Xavier de Mollerat du Jeu, Ph.D., senior scientist in the R&D transfection group at Life Technologies, is directing the effort to improve the current set of delivery vehicles used in life science research to deliver siRNA molecules in vivo. The ultimate goal is to develop a delivery vehicle that will enable therapeutic drug delivery.
While the company cut its teeth on transfection reagents that enabled nucleic acid delivery into primary cells and established cell cultures, a completely new formulation is required for efficient siRNA delivery in vivo. The optimal reagent, called Invivofectamine® 2.0, is derived from different lipids and has been shown to deliver siRNA molecules into hepatocytes in the liver following tail vein injections in mice.
Since the launch, the team has discovered new lipids and has been working on optimizing the ratios of the different components as well as mixing parameters. These improvements have resulted in a greater than 50-fold improvement in efficacy; ED50 levels have been reduced to 0.02 mg/kg. This has been a big step in moving from a great tool for research to an effective tool for therapeutics.
These liponanoparticles (LNPs) are not toxic based on liver tox and interferon testing. They are resistant to blood nucleases and significantly smaller than in vitro transfection reagents, so that they can pass through capillaries and into the cellular matrix.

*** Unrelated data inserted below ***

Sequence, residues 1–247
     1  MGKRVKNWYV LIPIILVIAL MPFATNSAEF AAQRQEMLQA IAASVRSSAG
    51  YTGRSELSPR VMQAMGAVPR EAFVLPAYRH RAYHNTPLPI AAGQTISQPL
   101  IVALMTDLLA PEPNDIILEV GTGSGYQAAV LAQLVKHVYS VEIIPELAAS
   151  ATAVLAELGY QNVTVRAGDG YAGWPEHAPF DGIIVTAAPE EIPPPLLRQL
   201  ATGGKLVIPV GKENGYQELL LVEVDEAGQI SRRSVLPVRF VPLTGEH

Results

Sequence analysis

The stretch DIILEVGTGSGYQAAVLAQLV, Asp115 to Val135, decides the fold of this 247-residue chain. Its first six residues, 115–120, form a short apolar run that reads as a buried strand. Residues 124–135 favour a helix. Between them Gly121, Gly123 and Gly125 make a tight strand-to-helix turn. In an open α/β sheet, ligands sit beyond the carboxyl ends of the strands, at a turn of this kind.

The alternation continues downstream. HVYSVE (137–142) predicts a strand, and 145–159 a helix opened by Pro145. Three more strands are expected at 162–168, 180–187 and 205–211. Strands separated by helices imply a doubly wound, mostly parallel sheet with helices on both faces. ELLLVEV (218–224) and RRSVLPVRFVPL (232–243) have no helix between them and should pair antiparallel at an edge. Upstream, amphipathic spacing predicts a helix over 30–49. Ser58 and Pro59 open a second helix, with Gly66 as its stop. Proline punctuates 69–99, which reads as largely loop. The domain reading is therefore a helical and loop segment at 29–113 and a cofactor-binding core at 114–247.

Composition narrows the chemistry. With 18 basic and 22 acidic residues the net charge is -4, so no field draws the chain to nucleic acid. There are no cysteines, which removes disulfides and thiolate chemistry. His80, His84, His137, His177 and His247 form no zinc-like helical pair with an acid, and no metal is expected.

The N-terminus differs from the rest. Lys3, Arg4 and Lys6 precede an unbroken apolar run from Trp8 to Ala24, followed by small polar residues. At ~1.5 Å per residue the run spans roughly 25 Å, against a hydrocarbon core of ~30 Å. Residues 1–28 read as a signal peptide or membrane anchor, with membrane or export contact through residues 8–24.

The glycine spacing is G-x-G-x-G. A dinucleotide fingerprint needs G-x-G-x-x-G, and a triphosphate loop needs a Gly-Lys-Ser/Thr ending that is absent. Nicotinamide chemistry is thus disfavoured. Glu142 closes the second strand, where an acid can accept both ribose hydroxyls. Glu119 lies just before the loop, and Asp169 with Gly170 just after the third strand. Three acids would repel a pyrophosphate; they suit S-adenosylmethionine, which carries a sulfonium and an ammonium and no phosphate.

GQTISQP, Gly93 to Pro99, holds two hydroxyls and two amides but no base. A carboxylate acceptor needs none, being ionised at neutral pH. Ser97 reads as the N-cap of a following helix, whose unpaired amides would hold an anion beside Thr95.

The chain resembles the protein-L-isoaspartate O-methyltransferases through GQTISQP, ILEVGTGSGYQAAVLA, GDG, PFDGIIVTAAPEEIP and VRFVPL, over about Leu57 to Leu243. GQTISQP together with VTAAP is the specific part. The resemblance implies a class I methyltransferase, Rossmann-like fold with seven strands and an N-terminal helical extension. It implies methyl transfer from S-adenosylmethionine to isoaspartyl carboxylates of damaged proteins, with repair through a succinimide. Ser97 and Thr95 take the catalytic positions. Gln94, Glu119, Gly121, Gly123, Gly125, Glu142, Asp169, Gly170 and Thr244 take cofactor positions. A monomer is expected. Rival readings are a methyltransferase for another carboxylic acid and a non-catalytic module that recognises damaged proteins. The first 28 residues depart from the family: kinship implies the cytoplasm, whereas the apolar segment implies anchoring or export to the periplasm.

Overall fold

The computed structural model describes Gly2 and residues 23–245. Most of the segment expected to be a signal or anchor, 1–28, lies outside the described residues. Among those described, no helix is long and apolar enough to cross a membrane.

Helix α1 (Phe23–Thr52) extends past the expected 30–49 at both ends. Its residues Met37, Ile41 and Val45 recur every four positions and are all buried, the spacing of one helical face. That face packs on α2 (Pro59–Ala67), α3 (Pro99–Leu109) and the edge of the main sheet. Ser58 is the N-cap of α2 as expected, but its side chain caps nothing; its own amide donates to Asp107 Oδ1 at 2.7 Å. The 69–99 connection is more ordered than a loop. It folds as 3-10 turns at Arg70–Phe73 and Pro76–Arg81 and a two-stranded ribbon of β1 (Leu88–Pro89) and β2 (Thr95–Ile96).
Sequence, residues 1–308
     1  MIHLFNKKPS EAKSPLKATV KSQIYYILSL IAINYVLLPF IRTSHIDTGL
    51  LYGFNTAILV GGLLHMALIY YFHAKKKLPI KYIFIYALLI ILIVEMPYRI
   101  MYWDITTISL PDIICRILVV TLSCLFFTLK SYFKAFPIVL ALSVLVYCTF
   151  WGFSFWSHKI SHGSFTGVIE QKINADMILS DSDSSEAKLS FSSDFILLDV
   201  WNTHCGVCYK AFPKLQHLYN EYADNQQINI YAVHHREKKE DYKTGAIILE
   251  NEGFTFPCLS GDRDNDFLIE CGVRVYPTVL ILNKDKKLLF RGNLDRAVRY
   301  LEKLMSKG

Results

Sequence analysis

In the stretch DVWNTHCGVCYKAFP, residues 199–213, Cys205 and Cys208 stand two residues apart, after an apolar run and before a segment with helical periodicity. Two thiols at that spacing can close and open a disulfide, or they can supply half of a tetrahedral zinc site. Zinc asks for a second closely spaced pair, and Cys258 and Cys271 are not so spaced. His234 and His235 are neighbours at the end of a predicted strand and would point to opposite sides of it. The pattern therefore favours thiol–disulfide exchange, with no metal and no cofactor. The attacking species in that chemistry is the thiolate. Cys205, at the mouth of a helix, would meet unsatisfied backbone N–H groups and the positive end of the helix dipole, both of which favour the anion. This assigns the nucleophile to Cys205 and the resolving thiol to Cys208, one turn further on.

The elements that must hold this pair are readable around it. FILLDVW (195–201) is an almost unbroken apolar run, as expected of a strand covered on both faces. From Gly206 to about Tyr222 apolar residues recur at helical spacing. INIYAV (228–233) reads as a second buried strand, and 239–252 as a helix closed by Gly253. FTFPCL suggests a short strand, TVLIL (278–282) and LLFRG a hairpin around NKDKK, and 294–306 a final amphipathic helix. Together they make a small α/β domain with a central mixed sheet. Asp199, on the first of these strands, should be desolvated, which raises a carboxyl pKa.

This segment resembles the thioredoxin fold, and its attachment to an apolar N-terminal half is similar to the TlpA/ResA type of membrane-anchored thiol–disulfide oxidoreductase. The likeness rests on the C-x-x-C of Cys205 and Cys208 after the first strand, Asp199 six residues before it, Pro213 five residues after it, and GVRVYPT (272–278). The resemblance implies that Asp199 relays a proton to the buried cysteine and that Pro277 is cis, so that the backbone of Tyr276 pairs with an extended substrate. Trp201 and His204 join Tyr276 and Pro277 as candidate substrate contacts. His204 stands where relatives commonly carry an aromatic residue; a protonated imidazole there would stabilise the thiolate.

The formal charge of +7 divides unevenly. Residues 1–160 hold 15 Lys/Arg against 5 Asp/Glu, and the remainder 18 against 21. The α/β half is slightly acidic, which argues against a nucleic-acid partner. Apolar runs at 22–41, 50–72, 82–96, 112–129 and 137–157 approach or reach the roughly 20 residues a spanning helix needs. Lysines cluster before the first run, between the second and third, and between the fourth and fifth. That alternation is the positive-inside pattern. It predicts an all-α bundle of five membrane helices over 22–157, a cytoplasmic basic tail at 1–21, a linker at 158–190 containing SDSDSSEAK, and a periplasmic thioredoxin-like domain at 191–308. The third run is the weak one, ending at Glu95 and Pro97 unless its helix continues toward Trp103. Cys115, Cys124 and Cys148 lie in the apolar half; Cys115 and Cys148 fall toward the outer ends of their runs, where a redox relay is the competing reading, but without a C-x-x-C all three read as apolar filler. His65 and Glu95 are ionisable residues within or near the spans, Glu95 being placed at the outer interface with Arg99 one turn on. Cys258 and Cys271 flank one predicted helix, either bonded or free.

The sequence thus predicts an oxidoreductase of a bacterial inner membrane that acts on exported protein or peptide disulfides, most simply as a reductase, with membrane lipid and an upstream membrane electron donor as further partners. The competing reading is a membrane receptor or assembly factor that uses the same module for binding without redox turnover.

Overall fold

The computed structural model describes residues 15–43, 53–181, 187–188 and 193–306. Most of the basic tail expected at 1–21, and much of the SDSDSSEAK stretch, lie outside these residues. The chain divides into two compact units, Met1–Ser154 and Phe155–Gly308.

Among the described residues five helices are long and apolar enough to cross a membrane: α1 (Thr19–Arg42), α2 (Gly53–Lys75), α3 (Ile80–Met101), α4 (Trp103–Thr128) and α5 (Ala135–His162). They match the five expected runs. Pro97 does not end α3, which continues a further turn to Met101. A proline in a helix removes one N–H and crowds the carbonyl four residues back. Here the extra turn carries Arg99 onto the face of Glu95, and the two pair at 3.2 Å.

“As a tool provider, we provide the clinical researcher with our Invivofectamine 2.0 reagent as an empty delivery vehicle. We also provide researchers with a protocol to encapsulate their siRNA molecule of interest. This delivery reagent works best for encapsulation of siRNA, miRNA, miRNA mimics, and miRNA antimirs,” indicated Dr. de Mollerat du Jeu.
“With intravenous injection in the mouse tail vein, these loaded particles deliver to the liver and facilitate uptake in hepatocytes. We recommend the use of Factor VII as a positive control for this system. Factor VII is synthesized in the liver and secreted into the bloodstream. Efficacy of delivery and gene expression knockdown is easily monitored by the measurement of Factor VII protein levels from a drop of blood taken from treated vs. untreated mice.
“To reach other organ systems, alternative routes of injection may be required. Preliminary results indicate that intraperitoneal injections enable delivery to the pancreas and the spleen, intracranial injections enable access to the brain, and intraorbital injections enable access to the eye. We have not yet tried it, but we believe that inhalation delivery should enable access to targets in the lung.”
The team is also working on alternative formulations that might facilitate delivery to organs outside the liver following IV injection. For this effort, different lipid formulations are being rationally developed based on all the design elements, including particle size, overall charge, and the ratio of each of the different components in the LNP. Analytical methods are used in vitro to screen for the best candidates. A subset of candidates are then tested in vivo using fluorescent-labeled siRNAs as probes to monitor sites of accumulation and cellular uptake.